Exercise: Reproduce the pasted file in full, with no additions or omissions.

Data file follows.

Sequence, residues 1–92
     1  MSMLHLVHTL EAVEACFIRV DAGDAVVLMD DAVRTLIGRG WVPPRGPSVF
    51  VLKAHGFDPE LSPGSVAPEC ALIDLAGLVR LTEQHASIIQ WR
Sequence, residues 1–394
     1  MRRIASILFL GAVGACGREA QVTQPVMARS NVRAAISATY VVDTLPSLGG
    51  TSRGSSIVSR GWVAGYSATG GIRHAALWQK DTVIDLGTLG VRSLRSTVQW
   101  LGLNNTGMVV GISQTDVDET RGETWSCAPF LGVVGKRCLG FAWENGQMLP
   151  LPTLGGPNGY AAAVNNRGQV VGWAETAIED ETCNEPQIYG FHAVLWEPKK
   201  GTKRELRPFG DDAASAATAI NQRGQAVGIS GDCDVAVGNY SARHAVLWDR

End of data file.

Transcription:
Sequence, residues 1–92
     1  MSMLHLVHTL EAVEACFIRV DAGDAVVLMD DAVRTLIGRG WVPPRGPSVF
    51  VLKAHGFDPE LSPGSVAPEC ALIDLAGLVR LTEQHASIIQ WR
Sequence, residues 1–394
     1  MRRIASILFL GAVGACGREA QVTQPVMARS NVRAAISATY VVDTLPSLGG
    51  TSRGSSIVSR GWVAGYSATG GIRHAALWQK DTVIDLGTLG VRSLRSTVQW
   101  LGLNNTGMVV GISQTDVDET RGETWSCAPF LGVVGKRCLG FAWENGQMLP
   151  LPTLGGPNGY AAAVNNRGQV VGWAETAIED ETCNEPQIYG FHAVLWEPKK
   201  GTKRELRPFG DDAASAATAI NQRGQAVGIS GDCDVAVGNY SARHAVLWDR